I told them so. Call me a bighead if you like, but ever since I abandoned my full-time media career in favour of the peace and calm of Paradis-sur-Tweed I've said the same thing over and over: if you don't like what you read/see/hear in the media, don't just moan, do something about it.
But what can we do? wailed the Moaning Minnies. Who'd listen to me?
Who? From now on Rupert Murdoch will, for one. According to suffering celebs and picked-on politicians as well as you, Mr and Mrs Everyman, bullies don't come much bigger than the Australian-born American publishing tycoon.
All the more commendable, then, that this week the Mighty Mogul bowed to the wishes of the Moaning Minnies by cancelling and pulping US publication of OJ Simpson's odious money-for-murder book, If I Did It, and junking the planned two-hour interview already taped for a Fox TV special.
Furthermore, he apologised "for the pain caused by this ill-considered project" to the families of Simpson's dead wife and her murdered friend.
Since ceasing to edit newspapers for a living - including one or two Murdoch titles - I've argued in newspaper articles, on TV and in countless radio interviews that the media can, and often should, be brought to heel.
It happened to the Murdoch empire this week: within a few days of plans for the book and TV programme becoming known, it was engulfed in a tsunami of criticism. The rest, and the project, is history.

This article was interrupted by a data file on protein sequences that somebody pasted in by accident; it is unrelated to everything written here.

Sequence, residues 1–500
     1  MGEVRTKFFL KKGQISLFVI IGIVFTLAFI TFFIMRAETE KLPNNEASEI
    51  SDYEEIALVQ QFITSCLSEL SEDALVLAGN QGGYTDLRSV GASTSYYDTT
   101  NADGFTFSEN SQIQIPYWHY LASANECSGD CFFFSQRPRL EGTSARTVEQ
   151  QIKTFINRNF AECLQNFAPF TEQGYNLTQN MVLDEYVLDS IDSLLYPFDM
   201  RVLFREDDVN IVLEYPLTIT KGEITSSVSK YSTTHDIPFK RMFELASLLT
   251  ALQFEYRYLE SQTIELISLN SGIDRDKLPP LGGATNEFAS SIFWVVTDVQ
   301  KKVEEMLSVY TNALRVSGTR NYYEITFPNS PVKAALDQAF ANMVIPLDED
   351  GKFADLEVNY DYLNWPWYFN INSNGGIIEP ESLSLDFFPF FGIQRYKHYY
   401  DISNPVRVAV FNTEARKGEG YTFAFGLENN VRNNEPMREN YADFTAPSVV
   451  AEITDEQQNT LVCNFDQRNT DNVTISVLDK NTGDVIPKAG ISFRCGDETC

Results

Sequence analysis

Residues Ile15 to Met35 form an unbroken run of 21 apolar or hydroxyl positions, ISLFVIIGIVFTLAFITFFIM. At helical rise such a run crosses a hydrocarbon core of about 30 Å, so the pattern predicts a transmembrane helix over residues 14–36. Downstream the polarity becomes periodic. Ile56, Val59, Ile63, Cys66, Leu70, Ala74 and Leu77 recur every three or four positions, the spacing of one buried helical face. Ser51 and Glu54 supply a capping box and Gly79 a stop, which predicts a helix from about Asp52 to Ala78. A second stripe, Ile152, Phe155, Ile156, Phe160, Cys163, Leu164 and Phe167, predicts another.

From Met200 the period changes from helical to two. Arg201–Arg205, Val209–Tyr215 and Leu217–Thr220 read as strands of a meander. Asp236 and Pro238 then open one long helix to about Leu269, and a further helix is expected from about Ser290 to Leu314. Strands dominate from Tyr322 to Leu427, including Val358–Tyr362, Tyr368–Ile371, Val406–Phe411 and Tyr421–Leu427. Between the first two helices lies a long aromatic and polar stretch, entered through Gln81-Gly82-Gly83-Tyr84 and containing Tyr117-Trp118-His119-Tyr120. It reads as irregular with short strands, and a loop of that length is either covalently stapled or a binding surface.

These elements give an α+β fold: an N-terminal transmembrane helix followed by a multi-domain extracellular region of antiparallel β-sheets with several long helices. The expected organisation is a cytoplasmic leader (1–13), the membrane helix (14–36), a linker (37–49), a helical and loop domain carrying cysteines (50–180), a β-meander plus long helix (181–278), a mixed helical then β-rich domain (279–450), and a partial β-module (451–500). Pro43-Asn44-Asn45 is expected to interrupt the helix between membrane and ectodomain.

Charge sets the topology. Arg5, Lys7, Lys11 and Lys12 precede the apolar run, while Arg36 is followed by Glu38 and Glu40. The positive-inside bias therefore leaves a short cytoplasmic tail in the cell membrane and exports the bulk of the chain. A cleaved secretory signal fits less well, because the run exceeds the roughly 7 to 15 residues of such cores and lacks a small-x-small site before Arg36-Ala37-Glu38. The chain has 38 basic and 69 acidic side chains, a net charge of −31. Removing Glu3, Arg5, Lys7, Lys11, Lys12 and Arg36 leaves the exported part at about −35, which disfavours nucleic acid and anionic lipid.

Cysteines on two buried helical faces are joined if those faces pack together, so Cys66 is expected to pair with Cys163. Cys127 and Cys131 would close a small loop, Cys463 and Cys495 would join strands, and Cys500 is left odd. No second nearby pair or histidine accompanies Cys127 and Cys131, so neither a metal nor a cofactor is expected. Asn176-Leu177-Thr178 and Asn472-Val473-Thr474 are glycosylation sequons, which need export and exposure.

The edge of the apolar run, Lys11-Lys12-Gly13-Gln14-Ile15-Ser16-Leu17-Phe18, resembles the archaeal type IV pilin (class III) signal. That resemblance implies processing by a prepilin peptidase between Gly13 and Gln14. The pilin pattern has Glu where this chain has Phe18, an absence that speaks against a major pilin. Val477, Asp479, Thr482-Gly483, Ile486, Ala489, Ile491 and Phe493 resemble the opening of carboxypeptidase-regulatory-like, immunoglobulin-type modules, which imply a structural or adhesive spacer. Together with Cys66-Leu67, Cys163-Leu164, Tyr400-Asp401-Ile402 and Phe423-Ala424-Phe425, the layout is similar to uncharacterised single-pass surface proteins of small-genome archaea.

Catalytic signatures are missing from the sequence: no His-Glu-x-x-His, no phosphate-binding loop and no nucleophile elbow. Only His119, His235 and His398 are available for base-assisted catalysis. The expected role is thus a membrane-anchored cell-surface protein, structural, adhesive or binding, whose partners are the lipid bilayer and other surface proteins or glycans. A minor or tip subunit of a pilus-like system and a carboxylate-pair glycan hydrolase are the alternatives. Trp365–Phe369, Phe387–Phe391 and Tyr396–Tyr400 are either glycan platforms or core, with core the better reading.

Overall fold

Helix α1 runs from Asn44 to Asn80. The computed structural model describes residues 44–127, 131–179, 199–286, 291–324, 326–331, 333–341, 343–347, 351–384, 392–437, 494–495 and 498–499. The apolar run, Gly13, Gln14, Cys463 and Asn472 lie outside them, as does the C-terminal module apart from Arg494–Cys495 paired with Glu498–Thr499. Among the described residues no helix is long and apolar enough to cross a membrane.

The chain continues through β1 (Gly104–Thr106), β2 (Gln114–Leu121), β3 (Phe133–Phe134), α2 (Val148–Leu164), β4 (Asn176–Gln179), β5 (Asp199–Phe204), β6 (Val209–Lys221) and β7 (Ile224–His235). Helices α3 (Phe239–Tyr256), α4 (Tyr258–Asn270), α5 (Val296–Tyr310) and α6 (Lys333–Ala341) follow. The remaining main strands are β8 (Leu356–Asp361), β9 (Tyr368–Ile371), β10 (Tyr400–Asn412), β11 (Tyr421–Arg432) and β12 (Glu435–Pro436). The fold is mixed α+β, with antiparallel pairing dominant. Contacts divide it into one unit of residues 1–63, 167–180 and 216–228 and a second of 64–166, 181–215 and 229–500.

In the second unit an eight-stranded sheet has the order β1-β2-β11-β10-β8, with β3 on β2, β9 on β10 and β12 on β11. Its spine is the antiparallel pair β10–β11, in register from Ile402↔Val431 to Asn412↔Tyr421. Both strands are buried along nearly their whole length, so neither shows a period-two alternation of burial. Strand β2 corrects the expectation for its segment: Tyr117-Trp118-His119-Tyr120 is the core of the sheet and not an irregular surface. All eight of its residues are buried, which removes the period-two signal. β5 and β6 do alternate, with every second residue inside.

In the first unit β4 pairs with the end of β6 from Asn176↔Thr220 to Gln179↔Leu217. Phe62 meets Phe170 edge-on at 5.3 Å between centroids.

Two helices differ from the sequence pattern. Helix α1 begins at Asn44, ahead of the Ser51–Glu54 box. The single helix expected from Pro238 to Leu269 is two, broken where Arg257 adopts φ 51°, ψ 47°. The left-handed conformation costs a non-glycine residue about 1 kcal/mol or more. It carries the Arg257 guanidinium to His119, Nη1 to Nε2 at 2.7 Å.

TO London, as Pepys would say, to celebrate a friend's wedding, do a bit of radio and attend a black-tie dinner at the rather medieval-sounding Tallow Chandlers Hall.
Medieval the Tallow Chandlers certainly are, a livery company founded in the 1300s whose membership these days comprises City grandees rather than the candlemakers for whom it was created. A Masonic feel to the occasion: men (and only men, I regret) with odd-sounding titles sharing loving cups of wine and passing both port bottle and communal silver snuff boxes to the left.
An unusual yet glittering evening, not unlike a recent crowded dominoes night at the Blue Bell when I was arguing renewable energy policy with my dairy farmer friend Malcolm, known fondly hereabouts as The Byreman and a man implacably opposed to my David Cameron-inspired ambition to have a wind turbine in my garden and a solar panel on my roof.
"Rubbish!" he snorted, "what happens on a cold frosty night when the wind doesn't blow or a dark winter's day when there's no sunlight?"
I was, I confess, stumped. "Coal's the answer!" cried the sozzled old son of the steading, jabbing a careworn finger at a story in The Journal. "Says here they're building a new coal-fired power station that will produce zero emissions and power a million homes."
Anyway, I recalled that conversation at the black-tie dinner where, seated conveniently next to the technology director of a major oil company which has recently boasted its credentials in the renewables area, I ventured to reveal my wind and solar plan.
"Pipedreams, I'm afraid," he said with a sigh. "Wind stops blowing, sun doesn't shine and we're back with oil, gas and nuclear. Or coal, of course.
"Did you hear that Centrica plan to build a zero-emission coal-fired power station?"
I had, of course. From The Byreman, back home in Crookham.
And he won the dominoes.